Noth Korean supernote counterfeiting

The New York Times Sunday Magazine publishes a long and detailed view of the North Korean counterfeiting operations, which have long plaugued the United States Treasury, and which have generated hundreds of millions of dollars in foreign exchange. As the article notes, Kim Jong—il continued and improved the practice of his father, and has used the notes to fund overseas activities of the regime and to buy luxuries to distribute among hte North Korean elite, effectively bvuying their support with automobiles, overseas trips for children, cognac, wine, and (no doubt) those blonde prostitutes from Scandinavia he is known to favor.

Kim has even kept up with the latest anti—counterfeiting technology of optically variable  ink, and actually exceeding the quality of the genuine article:

Like the earlier generation of supernotes, the big—head imitations show an ever—growing attention to detail. 'They would certainly fool me,' said Glaser, who points out that the 'defects' of the supernote are arguably improvements. He recalled looking at the back of a $100 supernote under a magnifying glass and noticing that the hands on the clock tower of Independence Hall were sharper on the counterfeit than on the genuine.

From all accounts, superb quality is a feature of much North Korean contraband: methamphetamine of extraordinarily high purity; counterfeit Viagra rumored to exceed the bona fide product in its potency; supernotes. It's an impressive product line for a regime that can barely feed its people.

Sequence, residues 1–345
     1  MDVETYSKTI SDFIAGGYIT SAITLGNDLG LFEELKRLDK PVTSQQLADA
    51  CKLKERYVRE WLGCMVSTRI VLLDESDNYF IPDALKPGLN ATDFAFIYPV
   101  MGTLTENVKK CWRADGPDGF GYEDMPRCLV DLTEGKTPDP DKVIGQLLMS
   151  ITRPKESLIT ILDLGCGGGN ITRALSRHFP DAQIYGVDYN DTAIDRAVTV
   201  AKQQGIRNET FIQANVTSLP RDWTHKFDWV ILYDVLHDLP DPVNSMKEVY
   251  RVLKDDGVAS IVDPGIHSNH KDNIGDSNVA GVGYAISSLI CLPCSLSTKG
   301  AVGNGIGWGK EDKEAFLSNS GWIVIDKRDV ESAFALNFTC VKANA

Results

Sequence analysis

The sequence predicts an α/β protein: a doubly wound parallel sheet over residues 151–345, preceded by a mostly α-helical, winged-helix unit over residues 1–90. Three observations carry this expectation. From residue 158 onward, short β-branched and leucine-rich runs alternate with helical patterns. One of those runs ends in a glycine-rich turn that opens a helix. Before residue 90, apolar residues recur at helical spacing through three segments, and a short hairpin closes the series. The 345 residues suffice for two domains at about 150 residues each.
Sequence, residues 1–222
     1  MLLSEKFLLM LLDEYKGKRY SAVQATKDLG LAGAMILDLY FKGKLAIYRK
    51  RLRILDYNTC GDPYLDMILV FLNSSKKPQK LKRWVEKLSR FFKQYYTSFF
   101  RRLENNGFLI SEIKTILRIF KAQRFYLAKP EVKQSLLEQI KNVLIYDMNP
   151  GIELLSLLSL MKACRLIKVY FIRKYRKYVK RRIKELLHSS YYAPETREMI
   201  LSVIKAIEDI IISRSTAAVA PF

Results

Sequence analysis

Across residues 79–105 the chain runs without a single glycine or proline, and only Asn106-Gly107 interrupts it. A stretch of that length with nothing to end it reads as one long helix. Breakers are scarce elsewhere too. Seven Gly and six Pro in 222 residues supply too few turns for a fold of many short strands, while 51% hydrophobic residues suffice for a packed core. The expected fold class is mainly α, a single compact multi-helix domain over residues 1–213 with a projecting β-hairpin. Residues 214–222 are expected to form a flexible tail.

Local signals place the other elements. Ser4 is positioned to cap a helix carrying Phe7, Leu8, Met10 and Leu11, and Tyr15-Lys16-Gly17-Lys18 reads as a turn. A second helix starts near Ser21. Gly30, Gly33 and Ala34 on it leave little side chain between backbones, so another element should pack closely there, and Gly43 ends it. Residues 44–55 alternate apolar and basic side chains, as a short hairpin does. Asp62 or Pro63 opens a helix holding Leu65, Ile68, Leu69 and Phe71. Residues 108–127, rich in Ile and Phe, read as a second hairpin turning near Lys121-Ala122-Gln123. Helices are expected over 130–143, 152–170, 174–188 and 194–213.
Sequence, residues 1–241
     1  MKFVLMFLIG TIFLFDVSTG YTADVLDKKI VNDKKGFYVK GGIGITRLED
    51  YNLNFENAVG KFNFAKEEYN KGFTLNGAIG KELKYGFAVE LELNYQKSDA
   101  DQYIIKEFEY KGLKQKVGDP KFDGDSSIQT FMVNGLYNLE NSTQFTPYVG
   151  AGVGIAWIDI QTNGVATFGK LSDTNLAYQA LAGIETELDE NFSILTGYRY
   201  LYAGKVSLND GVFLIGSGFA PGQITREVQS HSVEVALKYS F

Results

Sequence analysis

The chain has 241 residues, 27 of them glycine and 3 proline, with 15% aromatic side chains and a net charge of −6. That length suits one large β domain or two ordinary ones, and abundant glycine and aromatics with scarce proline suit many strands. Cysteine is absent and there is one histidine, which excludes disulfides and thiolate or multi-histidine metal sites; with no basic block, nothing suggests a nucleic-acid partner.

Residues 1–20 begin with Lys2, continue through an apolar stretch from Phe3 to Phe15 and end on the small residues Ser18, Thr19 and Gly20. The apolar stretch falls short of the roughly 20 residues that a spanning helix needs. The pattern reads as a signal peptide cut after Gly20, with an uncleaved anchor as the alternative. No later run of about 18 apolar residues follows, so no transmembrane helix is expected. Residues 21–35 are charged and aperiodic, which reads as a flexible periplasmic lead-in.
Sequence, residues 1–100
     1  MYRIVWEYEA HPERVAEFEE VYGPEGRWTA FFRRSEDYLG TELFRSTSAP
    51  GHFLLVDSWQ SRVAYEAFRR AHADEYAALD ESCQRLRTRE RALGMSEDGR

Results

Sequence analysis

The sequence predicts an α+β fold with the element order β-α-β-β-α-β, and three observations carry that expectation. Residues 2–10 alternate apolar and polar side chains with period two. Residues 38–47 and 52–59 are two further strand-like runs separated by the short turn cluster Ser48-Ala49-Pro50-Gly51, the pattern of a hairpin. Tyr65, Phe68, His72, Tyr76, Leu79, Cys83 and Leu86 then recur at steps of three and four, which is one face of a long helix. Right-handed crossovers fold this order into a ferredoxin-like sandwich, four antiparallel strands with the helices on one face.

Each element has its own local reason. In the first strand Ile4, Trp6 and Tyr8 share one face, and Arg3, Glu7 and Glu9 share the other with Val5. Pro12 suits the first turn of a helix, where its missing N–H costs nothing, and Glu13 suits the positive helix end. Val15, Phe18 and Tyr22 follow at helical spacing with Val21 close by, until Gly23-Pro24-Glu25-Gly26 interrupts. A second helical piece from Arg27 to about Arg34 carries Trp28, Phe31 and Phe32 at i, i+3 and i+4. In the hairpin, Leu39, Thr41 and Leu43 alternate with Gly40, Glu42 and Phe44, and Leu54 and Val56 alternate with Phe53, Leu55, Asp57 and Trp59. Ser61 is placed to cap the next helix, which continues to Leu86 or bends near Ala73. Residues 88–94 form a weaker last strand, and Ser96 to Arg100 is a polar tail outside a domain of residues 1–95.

Koreans are capable of excellent work, obviously. It is equally obvious that the system of political economy in North Korea is keeping the North Korean people from enjoying the just fruits of their abilities.

The US government is focusing on interdicting distribution, and recently put a Macau bank believed to be serving as a distribution conduit for North Korea virtually out of international finance.

Hat tip: Rosslyn Smith

Thomas Lifson   7 23 06

The New York Times Sunday Magazine publishes a long and detailed view of the North Korean counterfeiting operations, which have long plaugued the United States Treasury, and which have generated hundreds of millions of dollars in foreign exchange. As the article notes, Kim Jong—il continued and improved the practice of his father, and has used the notes to fund overseas activities of the regime and to buy luxuries to distribute among hte North Korean elite, effectively bvuying their support with automobiles, overseas trips for children, cognac, wine, and (no doubt) those blonde prostitutes from Scandinavia he is known to favor.

Kim has even kept up with the latest anti—counterfeiting technology of optically variable  ink, and actually exceeding the quality of the genuine article:

Like the earlier generation of supernotes, the big—head imitations show an ever—growing attention to detail. 'They would certainly fool me,' said Glaser, who points out that the 'defects' of the supernote are arguably improvements. He recalled looking at the back of a $100 supernote under a magnifying glass and noticing that the hands on the clock tower of Independence Hall were sharper on the counterfeit than on the genuine.

From all accounts, superb quality is a feature of much North Korean contraband: methamphetamine of extraordinarily high purity; counterfeit Viagra rumored to exceed the bona fide product in its potency; supernotes. It's an impressive product line for a regime that can barely feed its people.

Koreans are capable of excellent work, obviously. It is equally obvious that the system of political economy in North Korea is keeping the North Korean people from enjoying the just fruits of their abilities.

The US government is focusing on interdicting distribution, and recently put a Macau bank believed to be serving as a distribution conduit for North Korea virtually out of international finance.

Hat tip: Rosslyn Smith

Thomas Lifson   7 23 06